Now the above graph appears to have some really gross errors introduced into it; for what reason I cannot say.
First, the Hadley trend-line is at wide variance from that shown in Figure 2. Either they ran the observed temperature trends with reference to 2014, or they really put some really fat-fingered errors in it, to wit: The plot line of trends has been bent or otherwise “adjusted” at the 18-year trend length and the 35-year trend length so that it slopes further down for the smaller trend lengths, compared to those of the same line in Figure 2. Even the slopes of the line between the 18-years’ length and 10-years’ length is noticeably different to the naked eye. And of course, this reflects variances in the trend values from those in Figure 2, especially so for the shorter trend lengths. This in my book is a gigantic mistake: either Michaels and Knappenberger computed the trends from the data sets with the reference years at a one-year variance between Figure 2 and Figure 3 (i.e., 2015 and 2014), or they “adjusted” the data from the one figure to the next. This last is inexcusable.
Second, the model runs in Figure 3 are different (reference year 2014) from those in Figure 2 (reference year 2015). This to me is just as big a glitch as the second error I discovered, for we are no longer comparing apples to apples, but apples to oranges.
I cannot say this emphatically enough; the model runs and the Hadley Centre’s observed data plots ought to be identical in both Figures 2 and 3! There should be no room for such gross discrepancies as this.
Before I verify or debunk the these findings, allow me to take an excursis back to the mid-tropospheric temperature trends as the Cato authors do in their working paper.
[Figure 4. The annual average global mid-tropospheric temperatures derived from 102 individual CMIP5 climate model runs forced with historical (+ RCP4.5 since 2006) forcings were obtained from John Christy (personal communications). Linear trends were computed through the global temperatures from each run, ending in 2015 and beginning each year from 1975 through 2006. The trends for each period (ranging in length from 10 to 40 years) were averaged across all model runs (black line). The range containing 95 percent (dotted black lines) and the minimum (dashed black line) of trends from the 102 model runs are indicated. The observed linear trends for the same periods were calculated from the annual average global mid-tropospheric temperature record compiled by several different agencies (and include compilations derived from satellite observations as well as weather balloon observations) described in the legend (colored lines) (the value for 2015 was estimated from January through October, average (data provided by John Christy).]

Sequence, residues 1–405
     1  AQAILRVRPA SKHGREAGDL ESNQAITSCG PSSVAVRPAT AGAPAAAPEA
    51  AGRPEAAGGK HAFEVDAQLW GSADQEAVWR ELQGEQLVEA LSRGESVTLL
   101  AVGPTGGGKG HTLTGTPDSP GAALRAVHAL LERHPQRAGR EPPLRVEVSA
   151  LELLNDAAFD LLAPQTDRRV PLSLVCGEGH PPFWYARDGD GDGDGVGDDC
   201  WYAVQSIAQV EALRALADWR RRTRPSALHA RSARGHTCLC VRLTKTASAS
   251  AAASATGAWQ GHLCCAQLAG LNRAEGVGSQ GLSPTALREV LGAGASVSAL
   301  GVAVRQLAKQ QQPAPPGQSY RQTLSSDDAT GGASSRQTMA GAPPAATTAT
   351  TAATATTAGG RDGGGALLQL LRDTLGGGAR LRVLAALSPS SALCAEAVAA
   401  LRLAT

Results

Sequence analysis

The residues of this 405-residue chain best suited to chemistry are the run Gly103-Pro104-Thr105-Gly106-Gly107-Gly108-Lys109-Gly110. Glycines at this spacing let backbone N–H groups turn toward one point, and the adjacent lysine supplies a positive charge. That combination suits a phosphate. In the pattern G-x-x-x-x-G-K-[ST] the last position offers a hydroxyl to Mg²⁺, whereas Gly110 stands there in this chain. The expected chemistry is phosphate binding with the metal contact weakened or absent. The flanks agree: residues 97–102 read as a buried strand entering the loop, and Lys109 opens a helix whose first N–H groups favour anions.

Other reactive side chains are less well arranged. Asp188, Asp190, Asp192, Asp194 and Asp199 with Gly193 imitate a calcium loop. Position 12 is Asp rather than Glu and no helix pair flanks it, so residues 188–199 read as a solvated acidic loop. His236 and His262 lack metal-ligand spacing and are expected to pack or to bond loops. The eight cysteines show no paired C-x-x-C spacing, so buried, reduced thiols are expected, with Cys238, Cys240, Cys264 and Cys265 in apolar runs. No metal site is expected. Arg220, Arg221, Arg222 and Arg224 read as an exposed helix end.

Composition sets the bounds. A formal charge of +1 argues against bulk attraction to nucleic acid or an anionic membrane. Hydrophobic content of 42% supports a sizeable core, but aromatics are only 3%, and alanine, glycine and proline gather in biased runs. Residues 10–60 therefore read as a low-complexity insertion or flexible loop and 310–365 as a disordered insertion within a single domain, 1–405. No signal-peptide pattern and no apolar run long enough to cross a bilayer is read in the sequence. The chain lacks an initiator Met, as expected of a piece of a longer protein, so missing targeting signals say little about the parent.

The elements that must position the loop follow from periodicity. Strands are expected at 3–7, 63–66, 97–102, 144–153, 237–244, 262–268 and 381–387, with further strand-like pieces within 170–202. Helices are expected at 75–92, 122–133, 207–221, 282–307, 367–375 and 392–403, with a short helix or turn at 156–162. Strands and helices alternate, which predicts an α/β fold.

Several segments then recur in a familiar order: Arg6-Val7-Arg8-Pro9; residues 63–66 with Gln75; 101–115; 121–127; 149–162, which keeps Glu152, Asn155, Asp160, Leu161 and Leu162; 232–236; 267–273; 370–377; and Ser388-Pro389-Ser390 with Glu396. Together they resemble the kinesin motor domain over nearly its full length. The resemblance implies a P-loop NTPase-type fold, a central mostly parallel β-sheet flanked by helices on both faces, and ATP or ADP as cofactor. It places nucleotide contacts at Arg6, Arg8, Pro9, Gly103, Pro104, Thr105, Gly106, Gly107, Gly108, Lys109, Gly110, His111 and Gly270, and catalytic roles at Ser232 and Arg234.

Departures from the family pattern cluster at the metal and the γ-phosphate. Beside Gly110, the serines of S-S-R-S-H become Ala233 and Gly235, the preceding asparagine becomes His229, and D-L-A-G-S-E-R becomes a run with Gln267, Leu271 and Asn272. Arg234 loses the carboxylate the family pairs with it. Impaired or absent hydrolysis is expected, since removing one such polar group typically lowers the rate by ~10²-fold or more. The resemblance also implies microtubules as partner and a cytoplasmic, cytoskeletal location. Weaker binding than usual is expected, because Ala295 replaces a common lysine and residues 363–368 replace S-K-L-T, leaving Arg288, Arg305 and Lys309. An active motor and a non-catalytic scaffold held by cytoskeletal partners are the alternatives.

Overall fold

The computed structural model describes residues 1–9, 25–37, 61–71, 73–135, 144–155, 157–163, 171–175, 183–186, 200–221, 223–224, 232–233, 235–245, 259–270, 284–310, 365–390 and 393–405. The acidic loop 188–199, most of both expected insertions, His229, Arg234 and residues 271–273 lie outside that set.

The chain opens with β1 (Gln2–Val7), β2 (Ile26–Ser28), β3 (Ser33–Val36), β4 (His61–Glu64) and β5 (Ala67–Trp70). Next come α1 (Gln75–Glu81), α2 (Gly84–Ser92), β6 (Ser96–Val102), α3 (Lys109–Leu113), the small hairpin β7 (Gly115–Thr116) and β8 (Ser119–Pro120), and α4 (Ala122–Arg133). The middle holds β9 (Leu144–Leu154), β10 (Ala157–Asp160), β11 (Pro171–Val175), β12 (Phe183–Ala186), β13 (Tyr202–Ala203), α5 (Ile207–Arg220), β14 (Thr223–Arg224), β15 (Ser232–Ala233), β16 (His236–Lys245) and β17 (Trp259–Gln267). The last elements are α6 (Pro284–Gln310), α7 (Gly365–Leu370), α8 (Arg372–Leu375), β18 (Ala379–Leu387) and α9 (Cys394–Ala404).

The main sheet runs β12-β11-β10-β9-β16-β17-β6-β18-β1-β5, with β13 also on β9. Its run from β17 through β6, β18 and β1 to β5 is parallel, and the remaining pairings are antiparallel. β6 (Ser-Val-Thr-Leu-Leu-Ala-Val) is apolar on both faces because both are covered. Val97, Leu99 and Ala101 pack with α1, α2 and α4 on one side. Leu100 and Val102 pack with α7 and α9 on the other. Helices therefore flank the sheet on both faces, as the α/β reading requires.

The above shows that the observed mid-tropospheric temperatures ran far below what the IPCC model runs predicted. So bad, in fact, that some of the observed data trend-lines run below the minimum model run line and they all basically run below the 2.5th percentile line for a good portion of their length before rising to a mean average of about 0.16 deg C / decade at the 10-year trend length, with Christy’s data trend, UAHv6.0, coming out at 0.18 deg C / decade for the ten-years’ trend length. Still, the general rough average trend for all years is about 0.1 deg C / decade, with obvious variations, of course.
And I notice that the longest trend length is 40 years, with the data starting in 1975 according to the caption and ending in 2015. Yet 40 years inclusive from 1975 would bring us to 2014. And if the ten-year trend length is set to begin in 2006, the 1979 data would appear in the 37 years’ trend length, which it does! For proof, see the Christy / Univ. of Alabama in Huntsville (orange) line above and his data in Figure 1 at the top. And the orange line appears to show a higher trend when compared with Christy’s data in the top figure—because the above line goes by the annual averages and the Figure 1 data are annual five-year averages. Ugh!
I’ve run through 2300 words now so the rest I’ll have to include in later parts.